A Life Worth Living: One Outcome of a Great Patient Experience
June 19, 2015
A few years ago, we received an email from a patient that read something like this:
I am a veteran. I am in the hospital. I was injured while on tour in Afghanistan, have chronic pain and came into the hospital with a respiratory infection. Things have been really rough on me. So, I am lying in bed feeling like life is over and I might want it that way. Then, the nurse comes in and turns on The C.A.R.E. Channel. As I watched the stunning nature landscapes hour after hour, I realized that there were many places I have not yet seen that I want to see. I want to thank you for helping regain my desire to live.
Everyday, in every hospital worldwide, there are patients who are thinking about whether life is worth living. And yet there are no clinical protocols or medical history questions that uncover this critical information from patients.
Do they look forward to the other side of their illness? Are they hopeless about their tumor, broken hip, or collapsed lung? Is the pain they are having an exception to their daily lives or chronic and unbearable? Do they have thoughts of suicide?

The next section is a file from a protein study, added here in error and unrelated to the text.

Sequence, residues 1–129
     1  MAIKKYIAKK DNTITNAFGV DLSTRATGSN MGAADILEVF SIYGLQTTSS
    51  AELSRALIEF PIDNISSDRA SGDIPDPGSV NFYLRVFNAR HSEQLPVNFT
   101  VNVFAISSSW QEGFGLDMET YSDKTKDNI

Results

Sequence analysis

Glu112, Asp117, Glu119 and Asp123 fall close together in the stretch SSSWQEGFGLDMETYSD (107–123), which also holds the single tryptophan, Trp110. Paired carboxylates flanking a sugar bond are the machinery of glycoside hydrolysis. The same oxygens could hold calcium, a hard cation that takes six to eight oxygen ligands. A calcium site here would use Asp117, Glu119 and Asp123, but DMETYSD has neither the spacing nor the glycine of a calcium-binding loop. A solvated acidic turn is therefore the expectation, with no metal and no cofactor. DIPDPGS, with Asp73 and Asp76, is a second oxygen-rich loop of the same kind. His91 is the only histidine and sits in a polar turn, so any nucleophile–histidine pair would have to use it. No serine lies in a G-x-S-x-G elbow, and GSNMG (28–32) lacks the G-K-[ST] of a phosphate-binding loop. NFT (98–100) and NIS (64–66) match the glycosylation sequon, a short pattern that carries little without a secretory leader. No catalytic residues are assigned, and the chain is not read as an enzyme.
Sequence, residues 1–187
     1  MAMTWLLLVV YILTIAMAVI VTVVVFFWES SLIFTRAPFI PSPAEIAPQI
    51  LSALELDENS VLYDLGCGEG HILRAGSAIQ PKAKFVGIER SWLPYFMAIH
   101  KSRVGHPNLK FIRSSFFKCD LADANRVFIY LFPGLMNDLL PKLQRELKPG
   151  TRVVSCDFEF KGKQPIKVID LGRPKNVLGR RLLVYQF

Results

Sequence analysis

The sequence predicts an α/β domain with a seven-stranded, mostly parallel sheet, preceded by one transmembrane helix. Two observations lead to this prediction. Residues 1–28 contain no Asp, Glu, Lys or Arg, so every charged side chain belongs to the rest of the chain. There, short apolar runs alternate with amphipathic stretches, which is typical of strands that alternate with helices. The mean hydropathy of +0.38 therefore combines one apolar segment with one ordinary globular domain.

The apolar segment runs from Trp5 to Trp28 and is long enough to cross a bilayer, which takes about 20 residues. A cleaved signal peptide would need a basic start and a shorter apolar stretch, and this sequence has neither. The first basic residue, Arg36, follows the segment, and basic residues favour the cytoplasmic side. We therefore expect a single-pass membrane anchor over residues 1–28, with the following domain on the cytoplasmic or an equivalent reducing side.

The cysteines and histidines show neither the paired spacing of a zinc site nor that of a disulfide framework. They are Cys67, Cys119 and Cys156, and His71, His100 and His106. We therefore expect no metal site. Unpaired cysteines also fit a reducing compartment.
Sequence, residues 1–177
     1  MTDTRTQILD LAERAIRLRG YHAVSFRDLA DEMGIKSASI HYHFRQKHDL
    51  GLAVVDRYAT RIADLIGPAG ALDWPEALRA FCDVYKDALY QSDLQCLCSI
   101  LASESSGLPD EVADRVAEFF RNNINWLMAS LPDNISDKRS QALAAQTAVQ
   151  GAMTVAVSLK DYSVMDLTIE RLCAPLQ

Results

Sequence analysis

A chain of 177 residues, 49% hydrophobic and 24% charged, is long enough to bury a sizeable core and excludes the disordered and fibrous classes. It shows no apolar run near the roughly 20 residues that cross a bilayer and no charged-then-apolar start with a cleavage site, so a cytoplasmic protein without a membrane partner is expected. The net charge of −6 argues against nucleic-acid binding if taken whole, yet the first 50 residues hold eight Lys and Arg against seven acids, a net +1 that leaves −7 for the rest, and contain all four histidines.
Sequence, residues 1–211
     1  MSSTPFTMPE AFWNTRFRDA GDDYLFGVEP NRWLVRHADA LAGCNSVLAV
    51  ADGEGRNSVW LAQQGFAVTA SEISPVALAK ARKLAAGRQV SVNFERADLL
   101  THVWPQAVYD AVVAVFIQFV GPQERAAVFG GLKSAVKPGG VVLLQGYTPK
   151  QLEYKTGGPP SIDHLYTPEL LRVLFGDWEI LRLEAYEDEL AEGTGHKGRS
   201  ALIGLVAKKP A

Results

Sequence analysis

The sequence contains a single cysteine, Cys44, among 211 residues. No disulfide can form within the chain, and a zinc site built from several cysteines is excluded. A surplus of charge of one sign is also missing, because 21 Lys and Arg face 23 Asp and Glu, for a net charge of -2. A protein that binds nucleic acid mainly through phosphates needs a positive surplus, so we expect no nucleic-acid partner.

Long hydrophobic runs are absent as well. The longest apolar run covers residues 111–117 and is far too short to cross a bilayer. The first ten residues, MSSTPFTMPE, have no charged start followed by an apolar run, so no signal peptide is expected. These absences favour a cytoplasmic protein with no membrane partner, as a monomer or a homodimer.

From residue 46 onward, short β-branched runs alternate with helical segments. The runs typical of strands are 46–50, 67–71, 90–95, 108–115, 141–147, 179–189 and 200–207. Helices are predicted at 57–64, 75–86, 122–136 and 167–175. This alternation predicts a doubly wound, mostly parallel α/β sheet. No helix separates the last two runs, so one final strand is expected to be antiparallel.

Relieving suffering and stress is an important part of creating a positive patient experience. With that comes the opportunity to help shift patients’ sense of self and what matters. Every detail of their care — including a personal inquiry about something besides their vital signs can give them hope and encouragement.
We have found that The C.A.R.E. Channel can become a window to a better future. Two of the most profound experiences of life — nature and music — can give value and meaning.
After all, the patient experience in the hospital is the door to the lived experience after the hospital.
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